int getDEVID(void) 
void setDEVID(int DEVID);
The SECS Device ID.  An identifier imbedded in SECS header data usually left at the default of 0.  You can change it anytime but you are better off setting it before enabling communication.  Per the standard, the SecsEquip rejects messages from the host that are not for the equipment's Device ID.  Settable range is 0..32767.
static char * SecsEquip::DmhGroupName The DMH message system groupname used by the SECS server.  The same groupname should be specified to the constructor of every SecsEquip instance in the application in order to share the same SECS server process.
bool getHSMS(void)
void setHSMS(bool HSMS)
Whether the Connection type is HSMS (LAN based).  False implies SEC-I, serial RS-232 communication.  Defaults to true.
const char *getHSMS_Host(void) 
void setHSMS_Host(const char *h);
For an active HSMS connection, specifies the TCP/IP hostname or IP address of the Host computer.
bool getHSMS_Passive() 
void setHSMSPassive(bool p)
For an HSMS connection, whether the SecsEquip plays the passive, TCP/IP server role.  The default value is true which is the usual role of equipment. 
int getHSMS_Port() 
void setHSMS_Port(int p)
For an HSMS connection, the TCP/IP socket port number.  Defaults to 5555.
bool getIdRangeChecked()
void setIdRangeChecked(bool b)
By default, the methods to add Alarm, Event, Variable, and Parameter definitions, restrict the numeric ID values allowed to ranges which prevent you from colliding with built-in values, or colliding with each other's values.  However, the range checking can be disabled by setting this property value false.  Also, you can renumber the built-in events and variables, and customize the events that are assigned for alarm set and clear events.  Thus, you are able to completely customize the identifiers used by the SECS interface.  If you choose to renumber and customize the identifiers, do it in your initialization logic before enabling communication, but after restoring or configuring the connection type.  This insures that connection instance data exists in the SECS server to hold your customization.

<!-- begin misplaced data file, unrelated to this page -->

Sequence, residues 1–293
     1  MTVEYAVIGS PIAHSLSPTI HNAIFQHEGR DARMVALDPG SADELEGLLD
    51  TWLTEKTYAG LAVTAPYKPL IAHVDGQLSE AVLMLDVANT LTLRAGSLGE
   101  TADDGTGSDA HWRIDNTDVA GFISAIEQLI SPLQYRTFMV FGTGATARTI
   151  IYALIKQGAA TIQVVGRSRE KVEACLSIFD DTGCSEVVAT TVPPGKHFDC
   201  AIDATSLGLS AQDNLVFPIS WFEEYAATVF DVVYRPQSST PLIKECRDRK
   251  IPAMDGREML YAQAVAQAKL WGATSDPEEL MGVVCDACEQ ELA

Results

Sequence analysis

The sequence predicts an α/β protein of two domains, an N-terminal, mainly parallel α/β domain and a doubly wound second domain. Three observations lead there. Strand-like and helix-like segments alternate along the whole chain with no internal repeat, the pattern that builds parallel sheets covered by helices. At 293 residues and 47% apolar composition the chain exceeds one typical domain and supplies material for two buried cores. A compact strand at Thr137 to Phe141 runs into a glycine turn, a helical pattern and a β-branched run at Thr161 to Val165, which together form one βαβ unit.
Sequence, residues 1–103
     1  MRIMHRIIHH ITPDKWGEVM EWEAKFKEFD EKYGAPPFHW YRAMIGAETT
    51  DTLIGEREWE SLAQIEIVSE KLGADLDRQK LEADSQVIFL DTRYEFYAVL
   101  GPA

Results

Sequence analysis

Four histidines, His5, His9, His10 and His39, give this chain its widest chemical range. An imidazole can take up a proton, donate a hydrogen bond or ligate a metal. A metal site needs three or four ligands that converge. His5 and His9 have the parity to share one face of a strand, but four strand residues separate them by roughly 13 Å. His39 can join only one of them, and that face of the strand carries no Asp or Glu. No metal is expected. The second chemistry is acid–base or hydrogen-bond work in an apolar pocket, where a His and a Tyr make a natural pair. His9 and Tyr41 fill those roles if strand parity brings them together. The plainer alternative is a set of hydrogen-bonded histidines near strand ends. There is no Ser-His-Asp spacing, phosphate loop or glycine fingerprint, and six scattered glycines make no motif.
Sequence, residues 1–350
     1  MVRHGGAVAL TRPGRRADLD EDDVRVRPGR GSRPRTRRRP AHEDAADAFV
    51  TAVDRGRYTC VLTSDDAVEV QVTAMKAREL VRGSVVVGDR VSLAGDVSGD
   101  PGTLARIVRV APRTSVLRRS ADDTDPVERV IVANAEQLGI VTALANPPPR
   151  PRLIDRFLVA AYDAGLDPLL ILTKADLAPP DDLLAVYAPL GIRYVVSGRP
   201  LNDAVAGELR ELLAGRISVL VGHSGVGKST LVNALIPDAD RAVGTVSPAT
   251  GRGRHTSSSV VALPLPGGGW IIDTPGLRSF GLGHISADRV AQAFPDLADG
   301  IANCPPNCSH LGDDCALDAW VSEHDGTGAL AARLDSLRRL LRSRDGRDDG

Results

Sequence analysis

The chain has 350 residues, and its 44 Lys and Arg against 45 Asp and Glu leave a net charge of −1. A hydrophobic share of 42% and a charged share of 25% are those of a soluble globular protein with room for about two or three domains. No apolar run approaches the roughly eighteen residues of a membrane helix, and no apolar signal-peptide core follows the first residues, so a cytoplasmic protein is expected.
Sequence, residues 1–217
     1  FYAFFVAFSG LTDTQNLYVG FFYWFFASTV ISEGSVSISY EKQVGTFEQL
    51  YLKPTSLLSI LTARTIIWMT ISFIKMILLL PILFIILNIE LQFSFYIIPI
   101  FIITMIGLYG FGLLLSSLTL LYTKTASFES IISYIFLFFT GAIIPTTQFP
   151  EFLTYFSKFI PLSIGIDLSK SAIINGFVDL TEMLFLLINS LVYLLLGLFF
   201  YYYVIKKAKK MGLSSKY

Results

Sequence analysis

const char *getMDLN() 
 void setMDLN(const char *mdln)
The SECS Equipment Model Type - limited to no more than 6 characters by the E5 standard.



bool getMULT(void)
void setMULT(bool MULT)
For SECS-I serial connections - when this property is true, multiple open transactions are allowed.  When true, a new message may be sent requesting a reply before the host has replied to a previous message.   The flag is only for SECS-I, and the default value is true. 
 
HSMS host implementations should not have a problem with multiple open transactions.   However, there are factories with deficient software who would rather compromise the standards than fix their bugs.  If you get into a customer support situation with HSMS and multiple open transactions, please contact us - we have a lightweight go-between application that queues and serializes the open transactions.
const char *getName() The SecsEquip name passed to the constructor and used in the SECS server process as a Tcl command name, a global array name, and an identifier in SQL table records.
bool getParametersAreSaved()